Charles Leclerc charged from the back of the grid at Sunday’s Canada Grand Prix, making up 14 places to secure a deserved fifth position, whilst Max Verstappen extended his championship lead.
This weekend’s event was essentially an exercise in damage limitation for the Monégasque driver. Leclerc’s torrid run of bad luck began with a mechanical failure, continued with a costly strategic error at his home GP in Monaco, before another mechanical failure in Azerbaijan last weekend.
When it rains, it pours; In a rain-drenched Montréal, another change to the power unit of Leclerc’s Ferrari meant that he has exceeded his quota for the year, thus incurring a grid penalty, which would see him dropped to the back of the grid.
A penalty for Yuki Tsunoda ultimately meant that Leclerc would start from 19th, but with a lot of work to do. To add insult to injury, Leclerc’s major title challenger Verstappen claimed pole, ahead of Fernando Alonso, who was starting on the front row of the grid for the first time in a decade. In the other Ferrari, Carlos Sainz could only manage third in a tricky, wet qualifying session on Saturday.
It was a weekend of pathetic fallacy for Leclerc as the changing meteorological conditions perfectly demarcated his change in fortunes. If the rain encapsulated Leclerc’s mood on Saturday, then the sunny skies on Sunday were an unmistakably positive sign.
The race got underway without incident as the car led line astern with little contact and few place changes. George Russell was the main benefactor as he jumped from 8th to 6th before overtaking Kevin Magnussen on lap five to move up to fifth and just behind team-mate Lewis Hamilton.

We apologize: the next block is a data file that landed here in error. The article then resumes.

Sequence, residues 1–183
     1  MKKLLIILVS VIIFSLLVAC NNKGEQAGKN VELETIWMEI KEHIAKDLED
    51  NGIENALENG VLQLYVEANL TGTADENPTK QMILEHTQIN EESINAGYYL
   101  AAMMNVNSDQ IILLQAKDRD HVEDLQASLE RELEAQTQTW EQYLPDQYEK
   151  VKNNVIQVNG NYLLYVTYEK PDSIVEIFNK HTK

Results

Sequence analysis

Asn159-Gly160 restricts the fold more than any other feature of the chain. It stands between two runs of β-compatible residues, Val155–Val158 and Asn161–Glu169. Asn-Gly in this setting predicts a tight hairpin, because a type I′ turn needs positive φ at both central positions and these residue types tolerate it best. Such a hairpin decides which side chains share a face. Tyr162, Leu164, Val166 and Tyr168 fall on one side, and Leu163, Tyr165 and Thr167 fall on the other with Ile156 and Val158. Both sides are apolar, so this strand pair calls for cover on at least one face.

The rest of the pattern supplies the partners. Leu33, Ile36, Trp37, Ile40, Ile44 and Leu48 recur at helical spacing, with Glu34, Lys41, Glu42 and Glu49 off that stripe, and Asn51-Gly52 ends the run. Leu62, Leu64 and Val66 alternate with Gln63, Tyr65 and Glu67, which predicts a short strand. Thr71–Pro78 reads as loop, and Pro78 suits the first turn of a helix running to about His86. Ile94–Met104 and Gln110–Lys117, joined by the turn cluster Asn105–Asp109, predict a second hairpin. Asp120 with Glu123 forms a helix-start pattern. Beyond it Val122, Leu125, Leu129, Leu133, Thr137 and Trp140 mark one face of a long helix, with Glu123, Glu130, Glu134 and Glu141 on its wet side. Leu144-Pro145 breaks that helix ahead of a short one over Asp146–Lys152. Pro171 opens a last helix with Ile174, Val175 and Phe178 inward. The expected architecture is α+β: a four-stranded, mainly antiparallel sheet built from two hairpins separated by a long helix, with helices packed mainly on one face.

Sainz, in the far superior car, overtook Alonso with a simple DRS move on lap three, but the tyres of the Ferrari, which has struggled with tyre management issues throughout the season, were already beginning to grain. Leclerc, meanwhile, was quietly going about salvaging some points as he picked his way through the backmarkers.
A technical failure for Sergio Perez’s Red Bull brought out the virtual safety car on lap eight and Verstappen took the opportunity to pit, before another virtual safety car on lap 20, this time brought out by a technical failure to Mick Schumacher’s Haas, gave Sainz the opportunity to pit.
Before his first pit stop, Leclerc had fought his way up to seventh, but he once again had to fight his way through the field after he came out behind Daniel Ricciardo, Yuki Tsunoda and Guanyu Zhou.
The impassable object
A late safety car, brought out by a comical crash from Tsunoda who, coming out of the pit lane went straight into the barriers, spelt danger for Verstappen. The reigning world champion was on older tyres to Sainz, who was right behind and chasing the victory.
However, despite being within a second for the remaining 16 laps of the race, Sainz simply couldn’t get past the Red Bull, who had the straight line speed to keep out of the clutches of the Ferrari.
Verstappen took the chequered flag to extend his championship lead over Leclerc to 49 points. Sainz took second, whilst Hamilton rounded off the podium. Russell continued his impressive run finishing fourth; the Brit is still the only driver on the grid to have finished in the top five in each race this season.
Driver of the day, Leclerc reached fifth and secured some valuable points in the championship battle. Thanks to Perez’ retirement, he closed the gap to the Mexican to just three points.
“I gave it my all,” said Leclerc post-race. “It never feels good to finish in P5, but considering where we started and the way the race unfolded, it was the best result we could bring home today.”
Next up is the British Grand Prix, where Leclerc scored his best result of the 2021 season, securing second but agonisingly missing out on the win late-on. “I’m looking forward to Silverstone now. It’s one of my favourite circuits on the calendar and hopefully we can score some big points there,” said Leclerc.
For the sake of his title challenge, he will have to.
Photo of Charles Leclerc source Scuderia Ferrari Press Centre